Authentication/authorization

We currently support two ways of doing authentication and authorization: either through simple login or with OAuth2

Simple

The first thing to do is a login. To do so, you need to send a POST request to https://api.brandindex.com/v0/login with the email and password parameters, then store the response cookies somewhere so that you can use your session later for using protected API endpoints.

All protected endpoints require that you're already logged in, so you should send back the cookies you received after logging in when using them.

URL
https://api.brandindex.com/v0/login
HTTP methods
POST - if you're effectively logging in
GET - if you're already logged in but want to take a look at the API results
Required parameters (POST)
email - the same e-mail you use to login in BrandIndex.
password - the same password you use to login in BrandIndex.
HTTP statuses
200 - login successful
401 - login failed (POST)
403 - not authenticated (GET)
Response body example

{
  "data": {
    "Company default data": "https://api.brandindex.com/v0/company/defaults"
  },
  "ok": true
}

The ok element is present in all of the API responses, indicating if the request was successful or not. It can be used if you don't want to rely only on HTTP status codes (but it's preferable you check the HTTP status codes instead of the ok element).

The data element is present only on successful responses, and can contain either a JavaScript Object or an Array, depending on the endpoint. In this case, it contains an Object, whose only item's value is the URL for the company default data.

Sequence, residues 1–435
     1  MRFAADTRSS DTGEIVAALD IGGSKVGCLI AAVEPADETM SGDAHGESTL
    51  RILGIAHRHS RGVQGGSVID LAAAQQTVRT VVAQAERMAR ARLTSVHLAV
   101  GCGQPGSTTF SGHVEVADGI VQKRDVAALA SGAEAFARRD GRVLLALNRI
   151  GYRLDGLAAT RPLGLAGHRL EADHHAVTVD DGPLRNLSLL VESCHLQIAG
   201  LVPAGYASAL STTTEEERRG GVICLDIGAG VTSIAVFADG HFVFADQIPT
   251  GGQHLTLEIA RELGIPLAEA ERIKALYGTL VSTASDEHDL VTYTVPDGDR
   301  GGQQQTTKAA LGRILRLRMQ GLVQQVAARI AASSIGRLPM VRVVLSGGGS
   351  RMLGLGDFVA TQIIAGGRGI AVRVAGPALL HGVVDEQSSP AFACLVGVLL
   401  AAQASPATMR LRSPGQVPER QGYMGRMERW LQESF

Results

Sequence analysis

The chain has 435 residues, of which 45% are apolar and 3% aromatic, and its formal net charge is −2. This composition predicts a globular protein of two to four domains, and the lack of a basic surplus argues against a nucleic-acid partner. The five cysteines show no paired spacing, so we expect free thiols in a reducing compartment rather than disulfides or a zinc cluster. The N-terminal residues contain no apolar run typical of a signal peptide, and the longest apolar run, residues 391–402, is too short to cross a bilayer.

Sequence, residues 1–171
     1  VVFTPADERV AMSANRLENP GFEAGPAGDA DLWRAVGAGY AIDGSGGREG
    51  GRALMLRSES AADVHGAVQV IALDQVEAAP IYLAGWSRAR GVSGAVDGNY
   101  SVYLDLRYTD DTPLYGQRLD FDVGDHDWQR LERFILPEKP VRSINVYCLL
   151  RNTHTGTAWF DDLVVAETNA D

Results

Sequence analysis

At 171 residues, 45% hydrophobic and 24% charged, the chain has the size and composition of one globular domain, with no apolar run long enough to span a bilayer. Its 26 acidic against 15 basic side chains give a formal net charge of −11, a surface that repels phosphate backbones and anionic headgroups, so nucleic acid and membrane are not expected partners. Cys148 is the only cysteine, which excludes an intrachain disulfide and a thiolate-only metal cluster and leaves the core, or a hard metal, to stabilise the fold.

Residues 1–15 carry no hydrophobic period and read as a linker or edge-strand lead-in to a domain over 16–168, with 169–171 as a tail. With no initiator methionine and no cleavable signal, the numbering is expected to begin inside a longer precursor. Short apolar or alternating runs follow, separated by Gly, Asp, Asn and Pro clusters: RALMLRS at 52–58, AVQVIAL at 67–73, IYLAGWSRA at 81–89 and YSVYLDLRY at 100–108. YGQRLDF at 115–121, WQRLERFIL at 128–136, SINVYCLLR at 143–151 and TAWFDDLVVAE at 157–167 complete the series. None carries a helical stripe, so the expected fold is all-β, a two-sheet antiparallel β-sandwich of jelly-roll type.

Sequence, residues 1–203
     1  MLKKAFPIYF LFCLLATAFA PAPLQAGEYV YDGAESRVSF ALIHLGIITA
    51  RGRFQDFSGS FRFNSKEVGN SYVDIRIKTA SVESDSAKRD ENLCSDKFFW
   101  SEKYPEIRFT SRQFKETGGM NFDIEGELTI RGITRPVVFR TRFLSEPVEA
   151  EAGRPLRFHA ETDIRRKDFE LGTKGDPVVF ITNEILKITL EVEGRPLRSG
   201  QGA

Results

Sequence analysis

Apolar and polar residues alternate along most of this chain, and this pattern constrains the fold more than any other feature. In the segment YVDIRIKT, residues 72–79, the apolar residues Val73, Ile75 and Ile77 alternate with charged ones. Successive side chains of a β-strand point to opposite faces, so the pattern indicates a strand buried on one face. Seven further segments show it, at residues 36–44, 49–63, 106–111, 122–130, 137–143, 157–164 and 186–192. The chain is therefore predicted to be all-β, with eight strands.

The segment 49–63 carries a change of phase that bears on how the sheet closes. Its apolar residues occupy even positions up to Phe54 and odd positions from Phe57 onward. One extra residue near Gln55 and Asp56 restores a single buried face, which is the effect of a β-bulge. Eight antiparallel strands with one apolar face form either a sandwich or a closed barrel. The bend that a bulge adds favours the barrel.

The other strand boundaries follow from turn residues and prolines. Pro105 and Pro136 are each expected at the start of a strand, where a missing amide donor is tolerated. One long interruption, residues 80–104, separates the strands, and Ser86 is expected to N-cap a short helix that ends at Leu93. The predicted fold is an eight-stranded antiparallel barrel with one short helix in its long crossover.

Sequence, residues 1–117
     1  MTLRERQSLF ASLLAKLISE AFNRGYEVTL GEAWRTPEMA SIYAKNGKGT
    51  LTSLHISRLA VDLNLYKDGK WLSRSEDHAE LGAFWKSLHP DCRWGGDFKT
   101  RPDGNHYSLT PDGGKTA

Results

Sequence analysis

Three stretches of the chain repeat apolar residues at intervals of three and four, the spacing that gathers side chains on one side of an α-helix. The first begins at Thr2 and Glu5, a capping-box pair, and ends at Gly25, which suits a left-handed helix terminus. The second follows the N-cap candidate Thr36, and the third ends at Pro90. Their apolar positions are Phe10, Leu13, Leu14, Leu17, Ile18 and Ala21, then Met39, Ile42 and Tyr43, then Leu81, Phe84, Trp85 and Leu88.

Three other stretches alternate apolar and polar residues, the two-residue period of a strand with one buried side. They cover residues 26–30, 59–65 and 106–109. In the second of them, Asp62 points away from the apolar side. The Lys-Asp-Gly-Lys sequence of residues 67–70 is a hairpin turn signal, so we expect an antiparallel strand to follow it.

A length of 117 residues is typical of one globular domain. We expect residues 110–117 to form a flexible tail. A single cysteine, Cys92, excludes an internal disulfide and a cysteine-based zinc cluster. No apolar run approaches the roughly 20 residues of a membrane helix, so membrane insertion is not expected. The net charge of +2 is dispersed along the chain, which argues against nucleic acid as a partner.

OAuth2

By using the BrandIndex API through OAuth2 we can ensure much more security for the users, as well as privacy over their data.

In the BrandIndex we use OpenID Connect 1.0, which is a simplification layer on top of OAuth2.

Configuration

Before even starting to use OAuth2 you'll need to get the client ID and the client secret. Please contact YouGov so that they can provide them for you. You will need to use them for some of the OAuth2 steps.

Main flow

With this flow your application will be able to get an access token to use when retrieving protected user data.

Authentication

First the application needs to direct the user to the authentication page: https://login.yougov.com/oauth/authorize?response_type=code&scope=brandindex&client_id=your-client-id&redirect_uri=your-callback-url

After this step, the user will hit a login page in YouGov and, after logging in, she will be able to choose wether to allow or not the client app to have access to her data.

Then, our server will redirect the user to the redirect_uri callback parameter provided by the client app, but adding a code parameter to the URL query string. For example, let's say the client app provided https://example.com/my-app/callback as the redirect_uri; the user will then be redirected to a URL similar to https://example.com/my-app/callback?code=some-auth-code. This code will be used in the next step.

URL
https://login.yougov.com/oauth/authorize
HTTP methods
GET
Required parameters
response_type - this should be fixed to a string with the value: "code".
scope - this should be fixed to a string with the value: "brandindex".
client_id - your client ID.
redirect_uri - a URL that will be called back when the login server provides your client app the authentication code (which will be used to request the access token). The code will be provided to this URL by adding the code query string parameter to it.